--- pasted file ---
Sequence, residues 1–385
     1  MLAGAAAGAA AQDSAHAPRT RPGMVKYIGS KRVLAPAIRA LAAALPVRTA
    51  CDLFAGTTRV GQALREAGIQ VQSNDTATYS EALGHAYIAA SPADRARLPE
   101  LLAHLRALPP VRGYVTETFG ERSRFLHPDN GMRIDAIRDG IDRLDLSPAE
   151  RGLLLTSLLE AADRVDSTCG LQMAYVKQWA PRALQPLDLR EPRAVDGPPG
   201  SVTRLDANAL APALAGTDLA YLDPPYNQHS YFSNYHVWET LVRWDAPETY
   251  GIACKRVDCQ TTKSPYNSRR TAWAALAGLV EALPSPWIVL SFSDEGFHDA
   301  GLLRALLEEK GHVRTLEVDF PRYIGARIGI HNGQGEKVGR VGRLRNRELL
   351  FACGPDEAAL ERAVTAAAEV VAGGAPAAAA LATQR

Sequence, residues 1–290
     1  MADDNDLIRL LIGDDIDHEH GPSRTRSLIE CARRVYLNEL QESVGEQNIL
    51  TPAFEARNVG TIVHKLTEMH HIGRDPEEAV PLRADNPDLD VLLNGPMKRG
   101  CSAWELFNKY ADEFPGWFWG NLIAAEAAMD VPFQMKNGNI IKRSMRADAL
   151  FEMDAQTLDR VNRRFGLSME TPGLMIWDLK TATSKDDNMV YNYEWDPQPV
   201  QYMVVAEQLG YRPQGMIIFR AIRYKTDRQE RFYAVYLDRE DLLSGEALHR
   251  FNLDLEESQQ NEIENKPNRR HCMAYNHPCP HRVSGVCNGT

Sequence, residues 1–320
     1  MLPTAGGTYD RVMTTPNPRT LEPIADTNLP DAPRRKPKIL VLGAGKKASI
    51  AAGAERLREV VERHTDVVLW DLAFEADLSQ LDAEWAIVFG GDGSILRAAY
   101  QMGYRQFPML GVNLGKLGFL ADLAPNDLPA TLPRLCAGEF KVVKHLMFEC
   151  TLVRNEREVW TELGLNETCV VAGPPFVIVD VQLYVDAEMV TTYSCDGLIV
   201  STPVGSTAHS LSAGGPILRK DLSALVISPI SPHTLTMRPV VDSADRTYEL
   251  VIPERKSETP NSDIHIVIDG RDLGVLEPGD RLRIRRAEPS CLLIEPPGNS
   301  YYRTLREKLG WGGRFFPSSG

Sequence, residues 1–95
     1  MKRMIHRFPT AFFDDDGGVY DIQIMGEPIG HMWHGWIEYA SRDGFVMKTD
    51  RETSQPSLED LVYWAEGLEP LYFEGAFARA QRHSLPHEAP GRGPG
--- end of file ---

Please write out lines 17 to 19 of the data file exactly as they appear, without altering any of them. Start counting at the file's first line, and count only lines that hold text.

Sequence, residues 1–320
     1  MLPTAGGTYD RVMTTPNPRT LEPIADTNLP DAPRRKPKIL VLGAGKKASI
    51  AAGAERLREV VERHTDVVLW DLAFEADLSQ LDAEWAIVFG GDGSILRAAY